Streams

Daily Schedule

As of December 1, you'll hear a new weeknight line-up on WNYC-FM. Learn about these schedule changes here.

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  • 12:00 AM
    The Leonard Lopate Show
  • Director Mike Nichols on "Betrayal"; the Harlem Renaissance; NY Film Festival at 50; Richard Dawkins

    Mike Nichols talks about directing the upcoming Broadway revival of Harold Pinter’s play, “Betrayal.” We’ll take a look at the white women who became part of the Harlem Renaissance in the 1920s. We’ll get a preview of this year’s New York Film Festival, which is marking its 50th anniversary. Richard Dawkins talks about his early life, of becoming a scientist and writing The Selfish Gene.

  • 02:00 AM
    BBC World Service
  • The world’s largest and oldest public broadcaster delivers on-the-ground reporting and in-depth analysis from every corner of the globe.

  • 05:00 AM
    Morning Edition
  • You know what that smooth jazz riff means: it’s your morning companion from NPR and the WNYC Newsroom, with world news, local features, and weather updates. Don’t start your day without it.

  • 09:00 AM
    BBC World Service
  • The world’s largest and oldest public broadcaster delivers on-the-ground reporting and in-depth analysis from every corner of the globe.

  • 10:00 AM
    The Brian Lehrer Show
  • 30 Issues: Pre-K; The Moreland Commission; Local MacArthur Geniuses; U.N. Goals

    Election week in the 30 Issues in 30 Days election series continues with a conversation about funding Pre-Kindergarten with Gotham Schools reporter Geoffrey Decker; the latest in the Moreland Commission's investigations into corruption in Albany; and local MacArthur genius grant winners.

  • 12:00 PM
    The Leonard Lopate Show
  • Sheri Fink on Five Days at Memorial; Rick Hall and "Muscle Shoals"; Sculptor Ursula von Rydingsvard

    Pulitzer Prize-winner Sheri Fink reveals the shocking story behind patient deaths at a New Orleans hospital in the wake of Hurricane Katrina. We’ll take a look at Muscle Shoals—Rick Hall describes putting the small Alabama town on the map with his FAME studios where some of the greatest pop music hits of the past 50 years have been recorded. Sculptor Ursula von Rydingsvard on her work “Ona,” a 19-and-a-half foot tall piece that’s been permanently installed at the Barclays Center in Brooklyn. Plus, a look at the military commission that will soon hear the trial of Abd al-Nashiri, the alleged mastermind behind the 2000 bombing of the USS Cole.

  • 02:00 PM
    Fresh Air
  • The Peabody Award-winning program features Terry Gross’ fearless and insightful interviews with big names in pop culture, politics and the arts.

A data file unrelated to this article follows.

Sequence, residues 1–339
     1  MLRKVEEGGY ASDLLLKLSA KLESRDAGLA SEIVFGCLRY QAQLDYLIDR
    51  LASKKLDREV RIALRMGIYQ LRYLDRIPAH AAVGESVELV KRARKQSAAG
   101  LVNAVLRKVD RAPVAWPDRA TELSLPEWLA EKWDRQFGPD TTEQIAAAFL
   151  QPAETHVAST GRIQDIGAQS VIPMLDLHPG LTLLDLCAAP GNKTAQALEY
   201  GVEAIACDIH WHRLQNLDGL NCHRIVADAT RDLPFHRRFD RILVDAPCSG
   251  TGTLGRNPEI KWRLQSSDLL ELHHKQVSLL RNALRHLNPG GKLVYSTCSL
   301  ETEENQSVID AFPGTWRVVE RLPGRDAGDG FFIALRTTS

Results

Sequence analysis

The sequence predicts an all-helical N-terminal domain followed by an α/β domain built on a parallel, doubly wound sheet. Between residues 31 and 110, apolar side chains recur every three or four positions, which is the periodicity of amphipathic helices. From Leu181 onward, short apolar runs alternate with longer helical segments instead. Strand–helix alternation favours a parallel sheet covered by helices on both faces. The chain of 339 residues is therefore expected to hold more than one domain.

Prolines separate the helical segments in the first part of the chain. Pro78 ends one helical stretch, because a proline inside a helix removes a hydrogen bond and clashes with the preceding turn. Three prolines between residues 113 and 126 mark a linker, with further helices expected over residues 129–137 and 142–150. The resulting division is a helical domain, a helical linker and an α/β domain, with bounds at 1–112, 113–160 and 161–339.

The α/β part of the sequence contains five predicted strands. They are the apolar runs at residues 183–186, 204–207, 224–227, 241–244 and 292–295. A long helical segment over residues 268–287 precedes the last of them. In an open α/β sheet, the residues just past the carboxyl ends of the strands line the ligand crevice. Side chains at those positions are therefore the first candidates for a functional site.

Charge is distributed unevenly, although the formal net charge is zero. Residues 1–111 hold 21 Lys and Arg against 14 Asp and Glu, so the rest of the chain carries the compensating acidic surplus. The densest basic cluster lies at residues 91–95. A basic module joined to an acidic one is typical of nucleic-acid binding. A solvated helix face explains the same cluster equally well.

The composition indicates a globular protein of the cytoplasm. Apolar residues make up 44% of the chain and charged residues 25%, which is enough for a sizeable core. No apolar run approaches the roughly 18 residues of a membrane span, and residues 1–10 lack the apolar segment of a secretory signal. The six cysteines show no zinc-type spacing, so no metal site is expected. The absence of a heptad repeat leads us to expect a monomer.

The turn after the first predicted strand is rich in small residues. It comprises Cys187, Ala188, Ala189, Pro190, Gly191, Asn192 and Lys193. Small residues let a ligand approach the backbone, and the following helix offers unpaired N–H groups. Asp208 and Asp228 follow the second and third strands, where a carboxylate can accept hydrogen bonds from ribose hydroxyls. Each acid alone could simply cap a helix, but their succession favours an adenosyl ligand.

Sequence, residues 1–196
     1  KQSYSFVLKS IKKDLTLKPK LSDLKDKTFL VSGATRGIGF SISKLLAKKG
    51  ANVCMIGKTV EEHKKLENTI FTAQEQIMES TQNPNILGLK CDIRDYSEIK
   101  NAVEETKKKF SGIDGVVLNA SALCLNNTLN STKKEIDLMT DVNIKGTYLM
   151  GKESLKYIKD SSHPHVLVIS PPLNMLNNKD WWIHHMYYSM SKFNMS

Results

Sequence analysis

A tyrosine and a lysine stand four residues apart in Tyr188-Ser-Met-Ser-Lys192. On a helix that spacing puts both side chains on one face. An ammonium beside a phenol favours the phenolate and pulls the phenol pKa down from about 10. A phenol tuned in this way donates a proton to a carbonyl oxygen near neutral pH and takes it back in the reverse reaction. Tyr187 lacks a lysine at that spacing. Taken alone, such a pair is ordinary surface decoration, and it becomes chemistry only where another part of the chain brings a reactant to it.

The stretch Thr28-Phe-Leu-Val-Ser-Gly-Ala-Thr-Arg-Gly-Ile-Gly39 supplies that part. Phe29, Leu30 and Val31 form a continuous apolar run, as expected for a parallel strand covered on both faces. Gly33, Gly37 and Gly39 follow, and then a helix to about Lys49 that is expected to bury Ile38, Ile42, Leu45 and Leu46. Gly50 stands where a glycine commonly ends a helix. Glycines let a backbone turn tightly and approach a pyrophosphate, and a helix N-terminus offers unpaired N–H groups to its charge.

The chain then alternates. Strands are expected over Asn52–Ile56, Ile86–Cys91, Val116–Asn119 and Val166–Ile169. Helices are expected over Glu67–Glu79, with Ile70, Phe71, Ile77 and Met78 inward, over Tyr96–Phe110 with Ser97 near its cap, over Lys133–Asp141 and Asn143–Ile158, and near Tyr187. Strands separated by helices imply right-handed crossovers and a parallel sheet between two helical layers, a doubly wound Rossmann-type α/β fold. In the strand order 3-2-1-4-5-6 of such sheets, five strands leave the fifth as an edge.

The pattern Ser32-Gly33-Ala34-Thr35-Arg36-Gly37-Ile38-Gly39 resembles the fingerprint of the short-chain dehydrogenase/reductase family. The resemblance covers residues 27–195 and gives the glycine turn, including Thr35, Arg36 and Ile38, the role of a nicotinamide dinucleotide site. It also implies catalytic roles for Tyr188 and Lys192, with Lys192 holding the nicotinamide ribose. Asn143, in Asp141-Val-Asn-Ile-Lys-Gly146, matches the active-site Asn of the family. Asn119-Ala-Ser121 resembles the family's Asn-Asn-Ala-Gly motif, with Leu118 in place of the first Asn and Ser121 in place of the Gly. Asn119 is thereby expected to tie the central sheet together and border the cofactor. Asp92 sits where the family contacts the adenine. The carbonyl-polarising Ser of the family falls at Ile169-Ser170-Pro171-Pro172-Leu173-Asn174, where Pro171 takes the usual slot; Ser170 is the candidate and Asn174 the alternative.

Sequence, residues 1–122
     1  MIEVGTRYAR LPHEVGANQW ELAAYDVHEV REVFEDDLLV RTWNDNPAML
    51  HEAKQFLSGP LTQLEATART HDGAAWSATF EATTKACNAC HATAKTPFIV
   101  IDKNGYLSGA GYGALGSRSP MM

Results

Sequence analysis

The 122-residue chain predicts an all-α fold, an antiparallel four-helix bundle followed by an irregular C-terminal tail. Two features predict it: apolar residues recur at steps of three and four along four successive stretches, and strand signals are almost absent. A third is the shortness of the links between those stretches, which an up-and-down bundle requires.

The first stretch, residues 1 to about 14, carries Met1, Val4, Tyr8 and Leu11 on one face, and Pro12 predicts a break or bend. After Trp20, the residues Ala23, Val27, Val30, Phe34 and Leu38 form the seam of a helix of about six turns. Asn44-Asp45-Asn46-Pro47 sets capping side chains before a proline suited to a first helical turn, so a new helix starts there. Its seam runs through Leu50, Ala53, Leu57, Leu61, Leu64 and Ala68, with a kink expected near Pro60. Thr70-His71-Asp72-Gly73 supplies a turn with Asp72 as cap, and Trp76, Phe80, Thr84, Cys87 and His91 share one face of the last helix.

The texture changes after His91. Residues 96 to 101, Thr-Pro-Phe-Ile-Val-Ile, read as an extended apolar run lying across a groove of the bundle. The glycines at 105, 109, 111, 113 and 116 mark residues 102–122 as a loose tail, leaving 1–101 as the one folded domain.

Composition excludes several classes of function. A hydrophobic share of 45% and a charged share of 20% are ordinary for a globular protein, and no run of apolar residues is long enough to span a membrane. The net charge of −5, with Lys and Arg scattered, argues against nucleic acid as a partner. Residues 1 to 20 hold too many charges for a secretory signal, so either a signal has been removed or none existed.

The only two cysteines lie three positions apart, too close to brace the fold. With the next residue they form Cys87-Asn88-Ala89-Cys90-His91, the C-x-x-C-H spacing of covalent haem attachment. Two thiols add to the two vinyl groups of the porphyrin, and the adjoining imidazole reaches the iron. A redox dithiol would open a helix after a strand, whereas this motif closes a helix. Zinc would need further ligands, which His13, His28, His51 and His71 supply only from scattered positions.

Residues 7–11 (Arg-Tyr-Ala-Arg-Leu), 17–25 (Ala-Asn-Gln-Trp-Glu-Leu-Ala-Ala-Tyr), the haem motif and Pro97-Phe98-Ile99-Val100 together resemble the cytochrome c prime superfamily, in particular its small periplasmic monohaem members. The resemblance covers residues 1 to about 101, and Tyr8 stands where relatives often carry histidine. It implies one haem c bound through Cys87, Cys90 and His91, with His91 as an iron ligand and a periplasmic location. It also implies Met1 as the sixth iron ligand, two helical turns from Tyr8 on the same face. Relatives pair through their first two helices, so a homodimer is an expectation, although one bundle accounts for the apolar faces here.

• 03:00 PM
    The Takeaway
  • Drawing The World's Most Wanted | What Happened to Obama's "Pivot" to Asia? | The Best Art is in the Airport

    Every few years, the National Endowment for the Arts tries to assess just how much art, and what kinds of art, Americans consume. Their new study, the first since 2008, is out today. And you might be surprised by their findings. Sunil Iyengar is research director at the National Endowment for the Arts. He joins The Takeaway now to explain.

  • 04:00 PM
    All Things Considered
  • A wrap-up of the day’s news, with features and interviews about the latest developments in New York City and around the world, from NPR and the WNYC newsroom.

  • 06:30 PM
    Marketplace
  • Marketplace is not only about money and business, but about people, local economies and the world — and what it all means to us.

  • 07:00 PM
    All Things Considered
  • A wrap-up of the day’s news, with features and interviews about the latest developments in New York City and around the world, from NPR and the WNYC newsroom.

  • 08:00 PM
    Radiolab
  • Jad Abumrad and Robert Krulwich host WNYC’s Peabody Award-winning show about curiosity, where sound illuminates ideas, and the boundaries blur between philosophy, science, and human experience.

  • 09:00 PM
    Soundcheck
  • James Murphy On Broadway; Nicholson Baker’s Musical Novel; Sarah Jarosz Plays Live

    In this episode: Former LCD Soundsystem frontman James Murphy discusses his latest project: composing music for the Broadway revival of Harold Pinter's drama "Betrayal."

    Plus: Nicholson Baker’s new novel, Traveling Sprinkler, is about a man who is having a hard time writing a new book — so he picks up a guitar instead. Baker discusses the book and the real-life companion album he recorded.

    And: Sarah Jarosz is just 22, but she’s already made a mark on the folk and bluegrass scene thanks to her deep bluegrass knowledge and exceptional instrumental skills. The Grammy nominated singer-songwriter from Texas plays live.  

  • 10:00 PM
    Q
  • Q is an energetic daily arts and culture program from the CBC. Formerly Q with Jian Ghomeshi. The Canadian Broadcasting Corporation (CBC) has begun their search the show's next permanent host, and they are interested in hearing your insight, ideas and general feedback in this time of transition. Go here to leave a comment, or tweet at the show with #Qthefuture.

  • 11:00 PM
    New Sounds
  • The Non-Western Orchestra

    Listen to music that features the orchestra as a non-western ensemble. Hear music from a new tribute record, “The Road to Jajouka,” a recording honoring (and with proceeds supporting) the legendary Master Musicians of Jajouka led by Bachir Attar.  Then, the orchestra provides a drone in a live recording made at the Fes Festival of the traditional call to prayer. Also, hear the orchestra as an Indian instrument with the Bombay Dub Orchestra and as an instrument of the gypsy or Roma tradition in music from the Orchestra di Piazza Vittorio.  Plus, hear Jherek Bischoff’s orchestral arrangement of the music from Congotronics by Konono No. 1, and more.